Verb grammatical categories: Person and number

16 Червня, 20122:25 am

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Verb grammatical categories: Person and number

Number and person distinctions are found in verbs in many languages. This was the case in Old English where the verb was characterized by a devel­oped paradigm. In Modern English, verb forms have lost the vast majority of formal markers. As a result, the range of the two categories is very limited.

The categories of person and number are closely connected with each other. Their immediate connection is conditioned by the two factors: firstly, by their situational meaning, referring the process denoted by the verb to the subject in the situation; secondly, by their direct and immediate rela­tion to the syntactic unit expressing the subject as the functional part of the sentence. Both categories are different in principle from the other categories of the finite verb, in so far as they do not convey any inherently “verbal” semantics.

The expression of the category of person is essentially confined to the singular form of the verb in the present tense of the Indicative Mood and, in addition, it is very singularly presented in the future tense. As for the past tense, the person is alien to it except for a trace of person distinction in the archaic conjugation.

In the present tense the expression of the category of person is divided into three peculiar subsystems:

1. The first subsystem includes the modal verbs that have no personal inflec­tions: can, may, must, shall, will, ought, need, dare. So, in the formal sense, the category of person is wholly neutralized with these verbs.

2. The second subsystem is made up by the unique verbal lexeme be: the verb be has three different suppletive personal forms (am for the first person singular, is for the third person singular, and are for plural forms).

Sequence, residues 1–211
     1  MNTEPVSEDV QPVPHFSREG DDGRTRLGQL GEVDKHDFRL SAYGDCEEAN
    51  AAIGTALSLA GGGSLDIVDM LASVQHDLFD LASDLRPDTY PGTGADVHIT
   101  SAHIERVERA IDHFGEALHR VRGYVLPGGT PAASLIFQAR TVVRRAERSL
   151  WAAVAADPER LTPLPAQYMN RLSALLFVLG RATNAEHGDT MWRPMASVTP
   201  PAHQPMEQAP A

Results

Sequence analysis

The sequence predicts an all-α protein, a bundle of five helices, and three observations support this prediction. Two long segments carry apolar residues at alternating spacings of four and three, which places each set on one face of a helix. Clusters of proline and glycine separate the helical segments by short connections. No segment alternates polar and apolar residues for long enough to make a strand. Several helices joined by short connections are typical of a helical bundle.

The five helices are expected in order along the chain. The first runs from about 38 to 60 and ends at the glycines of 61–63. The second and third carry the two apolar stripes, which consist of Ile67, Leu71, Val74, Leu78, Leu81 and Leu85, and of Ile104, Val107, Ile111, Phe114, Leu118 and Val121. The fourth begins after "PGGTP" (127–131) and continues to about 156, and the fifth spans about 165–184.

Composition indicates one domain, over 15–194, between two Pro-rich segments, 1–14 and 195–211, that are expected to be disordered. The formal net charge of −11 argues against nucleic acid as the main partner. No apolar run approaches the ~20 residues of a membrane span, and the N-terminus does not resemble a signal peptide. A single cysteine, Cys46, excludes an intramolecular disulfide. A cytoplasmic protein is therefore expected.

3. The third subsystem presents just the regular, normal expression of person. The mark is confined here to the third person singular -(e)s, the other two per­sons (the first and the second) remaining unmarked, e.g. comes come, etc.

In the future tense, the person finds quite another mode of expression. It marks not the third, but the first person in distinction to the remaining two and it also includes in its sphere the plural. The very principle of the person featuring is not in morphemic inflection (as it is the case with the present), but in the positional use of shall will specifically marking the first person.

Passing on to the expression of grammatical number by the English finite verb, we are faced with the interesting fact that it is hardly featured at all from the formally morphemic point of view. The more or less dis­tinct morphemic featuring of the category of number can be seen only with the archaic forms of the unique be, both in the present tense and in the past tense. As for the rest of the verbs, the blending of the morphemic expression of the categories of person and number is complete, for the only explicit morphemic opposition in the integral categorical sphere of person and number is reduced with these verbs to the third person singular (the present tense of the Indicative Mood) being contrasted against the unmarked finite form of the verb.